This has nothing to do with “keeping it close” or “maintaining a story worth covering”. The media is simply in the bag for McCain.
That’s been bothering me as well. I thought it was a given that Gramm is a McCain surrogate (another word that should be placed in the Souljah pile), which by something at least very close to definition means he speaks for John McCain. At least that’s the definition I infer when reading the McCain campaign’s whining about what Wesley Clark says.
So, to compare:
No one speaks for McCain except McCain. If McCain makes an error, his spokespeople can “clean up” what he says so it’s not an error. The media eats this up.
Obama speaks for Obama, but so does his wife, every advisor/spokesperson, any potential spiritual advisor, any democrat, and any African-American. But only if they say something controversial. If he disassociates himself from them or their comments, he has “thrown them under the bus”, because he has utilized a “Sister Souljah moment”, giving a “stab in the back” to whomever it is. This is clearly a “slap in the face” and means he is not a “maverick” and doesn’t meet the “Commander-in-chief threshold”, so despite his “rock star” talents, he’s just an “elitest”, playing “politics as usual”, giving us yet another “flip flop”. Why doesn’t he realize this election is about the “homeland”, you know, “Middle America”, he needs to appeal to “Reagan Democrats” with “family values”, “giving them the tools they need”. Obama can be a “change agent” if he can get “comfortable in his own skin”, you know, get people to “want to have a beer with him”, not just giving into “Wright-gate” or playing the “race card”, which leads this pundit to ask, “How will it play in Peoria?”. That’s how it’s done “my friends”.
Damn. Forgot “Pain at the Pump”. I hate that one…
Thanks for the list, John, the banned terms are kind of fun as Mad-Libs.
Here’s another candidate for Phrases Which Should Be Banned.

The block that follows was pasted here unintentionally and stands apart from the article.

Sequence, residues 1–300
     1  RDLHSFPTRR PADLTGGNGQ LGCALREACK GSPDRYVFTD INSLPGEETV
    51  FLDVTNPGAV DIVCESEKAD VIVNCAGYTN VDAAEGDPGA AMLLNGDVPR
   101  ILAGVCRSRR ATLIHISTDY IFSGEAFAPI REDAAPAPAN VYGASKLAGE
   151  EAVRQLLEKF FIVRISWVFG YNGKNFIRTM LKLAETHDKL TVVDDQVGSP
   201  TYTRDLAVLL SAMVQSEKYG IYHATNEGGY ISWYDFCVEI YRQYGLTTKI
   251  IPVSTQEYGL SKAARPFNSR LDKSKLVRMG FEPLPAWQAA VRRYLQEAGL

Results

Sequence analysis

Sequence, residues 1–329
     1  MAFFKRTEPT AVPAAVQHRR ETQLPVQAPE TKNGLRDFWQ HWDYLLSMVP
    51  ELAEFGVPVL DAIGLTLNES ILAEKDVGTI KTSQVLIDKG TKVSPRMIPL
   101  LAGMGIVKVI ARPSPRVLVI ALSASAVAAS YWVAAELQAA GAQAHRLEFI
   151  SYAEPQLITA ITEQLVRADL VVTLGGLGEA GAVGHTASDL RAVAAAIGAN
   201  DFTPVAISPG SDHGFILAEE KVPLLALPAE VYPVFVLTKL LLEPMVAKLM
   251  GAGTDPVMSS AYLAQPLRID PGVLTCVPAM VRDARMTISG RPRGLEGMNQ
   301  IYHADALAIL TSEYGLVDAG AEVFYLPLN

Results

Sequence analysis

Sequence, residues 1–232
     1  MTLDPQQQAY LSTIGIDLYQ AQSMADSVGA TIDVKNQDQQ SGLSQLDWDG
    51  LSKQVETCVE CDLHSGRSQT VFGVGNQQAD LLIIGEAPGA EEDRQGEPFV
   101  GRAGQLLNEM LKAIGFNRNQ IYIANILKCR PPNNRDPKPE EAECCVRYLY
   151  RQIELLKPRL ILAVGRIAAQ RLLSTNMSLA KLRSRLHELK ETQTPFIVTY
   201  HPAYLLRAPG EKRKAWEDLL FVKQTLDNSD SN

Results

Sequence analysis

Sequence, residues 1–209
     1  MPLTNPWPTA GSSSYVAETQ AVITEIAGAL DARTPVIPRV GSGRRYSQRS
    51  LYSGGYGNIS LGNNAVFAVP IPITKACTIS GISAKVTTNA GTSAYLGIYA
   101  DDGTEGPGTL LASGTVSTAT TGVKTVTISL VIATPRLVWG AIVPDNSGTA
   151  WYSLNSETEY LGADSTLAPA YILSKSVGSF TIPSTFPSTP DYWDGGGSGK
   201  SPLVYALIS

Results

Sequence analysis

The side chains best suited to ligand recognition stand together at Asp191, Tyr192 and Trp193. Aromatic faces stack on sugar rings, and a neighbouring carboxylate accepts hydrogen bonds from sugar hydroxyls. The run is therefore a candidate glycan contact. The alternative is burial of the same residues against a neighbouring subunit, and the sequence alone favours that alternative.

They’d have to file reports on why it looks like being such a blow-out year. Which would mean them asking uncomfortable questions about why the American electorate seems to have rejected the policies of El Residente and the GOP. Which would lead to even more uncomfortable questions about why they themselves spent the last 7 years cheerleading for the policies most Americans apparently cannot stomach.
In short, it would be tantamount to admitting that the DFHs were right, and the big brains of the Washington Beltway were wrong.
So, not going to happen. It would be an insult to John McCain’s integrity and mavericky heroism to even contemplate such heretical thoughts.
Fine by me.
I must say that watching McCampaign answers the question: What do you get when you take away Camp Bush’s message discipline?
The commercials should be interesting: “I’m John McCain and I approve this message, unless it offends someone in which case you never saw me. Forget. Foooorget…”
Phil Gramm is one of the biggest horse’s asses in the history of the human race. Line him up with great minds like Fred Thompson, and maybe Jesse Helms, and you have … well, you have exemplars of the political team that you used to play for, John.
Heh. Sorry, just had to say it for some reason. I have a sore throat and I am in a pissy mood.
The WSJ Editorial Board- now there’s a cabal of elitists for you. I won’t hold my breath for the MSM to give Gramm’s comments the same treatment they gave Wes Clark’s.